Aviation Safety: FAA's Safety Oversight System Is Effective but Could Benefit from Better Evaluation of Its Programs' Performance
GAO-06-266T: Published: Nov 17, 2005. Publicly Released: Nov 17, 2005.
The U.S. commercial aviation industry has an extraordinary safety record. However, when passenger airlines have accidents or serious incidents, regardless of their rarity, the consequences can be tragic. The Federal Aviation Administration (FAA) works to maintain a high level of safety through an effective safety oversight system. Keys to this system are to: (1) establish programs that focus resou...
Aviation Safety: System Safety Approach Needs Further Integration into FAA's Oversight of Airlines
GAO-05-726: Published: Sep 28, 2005. Publicly Released: Oct 26, 2005.
The Federal Aviation Administration (FAA) uses the Air Transportation Oversight System (ATOS), which was developed around the principles of system safety, to oversee seven "legacy airlines" and nine other airlines. In this report, we refer to airlines that are not in ATOS as non-legacy airlines. Two other processes are used to oversee 99 non-legacy passenger airlines, which represent a fast-growin...
Information Security: Progress Made, but Federal Aviation Administration Needs to Improve Controls over Air Traffic Control Systems
GAO-05-712: Published: Aug 26, 2005. Publicly Released: Sep 26, 2005.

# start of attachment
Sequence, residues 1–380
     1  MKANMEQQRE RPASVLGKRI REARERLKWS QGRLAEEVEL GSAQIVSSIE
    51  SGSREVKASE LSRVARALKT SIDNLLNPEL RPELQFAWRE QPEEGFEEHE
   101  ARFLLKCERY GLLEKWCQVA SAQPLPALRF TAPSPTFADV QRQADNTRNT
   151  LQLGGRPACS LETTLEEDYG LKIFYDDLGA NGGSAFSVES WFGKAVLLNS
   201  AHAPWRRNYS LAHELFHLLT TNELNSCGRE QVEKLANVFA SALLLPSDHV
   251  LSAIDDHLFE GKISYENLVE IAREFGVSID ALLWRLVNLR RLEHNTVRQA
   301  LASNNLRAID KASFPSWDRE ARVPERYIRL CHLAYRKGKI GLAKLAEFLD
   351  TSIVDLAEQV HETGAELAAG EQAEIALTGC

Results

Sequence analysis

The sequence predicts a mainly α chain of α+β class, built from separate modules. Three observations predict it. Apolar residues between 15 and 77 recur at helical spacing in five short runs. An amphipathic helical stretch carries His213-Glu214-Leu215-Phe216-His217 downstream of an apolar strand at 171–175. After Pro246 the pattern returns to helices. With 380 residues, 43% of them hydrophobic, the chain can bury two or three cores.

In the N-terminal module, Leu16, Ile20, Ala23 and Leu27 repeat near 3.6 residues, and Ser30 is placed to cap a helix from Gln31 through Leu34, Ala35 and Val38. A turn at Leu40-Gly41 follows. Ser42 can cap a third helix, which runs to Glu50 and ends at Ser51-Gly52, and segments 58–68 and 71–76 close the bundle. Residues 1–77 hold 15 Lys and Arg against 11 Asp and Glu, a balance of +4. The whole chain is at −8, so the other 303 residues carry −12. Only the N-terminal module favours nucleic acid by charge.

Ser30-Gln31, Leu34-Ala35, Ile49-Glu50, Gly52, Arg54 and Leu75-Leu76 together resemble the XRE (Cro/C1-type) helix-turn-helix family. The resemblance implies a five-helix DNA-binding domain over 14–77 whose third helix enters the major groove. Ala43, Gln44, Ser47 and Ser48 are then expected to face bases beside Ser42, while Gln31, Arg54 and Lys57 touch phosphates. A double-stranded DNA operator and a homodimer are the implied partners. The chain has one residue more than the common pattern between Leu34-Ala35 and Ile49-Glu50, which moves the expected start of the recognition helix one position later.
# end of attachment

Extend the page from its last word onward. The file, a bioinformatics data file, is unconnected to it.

The Federal Aviation Administration (FAA) performs critical functions that contribute to ensuring safe, orderly, and efficient air travel in the national airspace system. To that end, it operates and relies extensively on an array of interconnected automated information systems and networks that comprise the nation's air traffic control systems. These systems provide information to air traffic con...
Aviation Safety: Oversight of Foreign Code-Share Safety Program Should Be Strengthened
GAO-05-930: Published: Aug 5, 2005. Publicly Released: Sep 9, 2005.
U.S. airlines are increasingly relying on code-share partnerships with foreign carriers to provide additional sources of revenue. Code-sharing is a marketing arrangement in which an airline places its designator code on a flight operated by another airline and sells and issues tickets for that flight. To determine whether the foreign code-share partners of U.S. airlines meet an acceptable level of...
Air Traffic Control: Characteristics and Performance of Selected International Air Navigation Service Providers and Lessons Learned from Their Commercialization
GAO-05-769: Published: Jul 29, 2005. Publicly Released: Jul 29, 2005.
In the past, governments worldwide owned, operated, and regulated air navigation services, viewing air traffic control as a governmental function. But as nations faced increasing financial strains, many governments decided to shift the responsibility to an independent air navigation service provider (ANSP) that operates as a business. As of March 2005, 38 nations worldwide had commercialized their...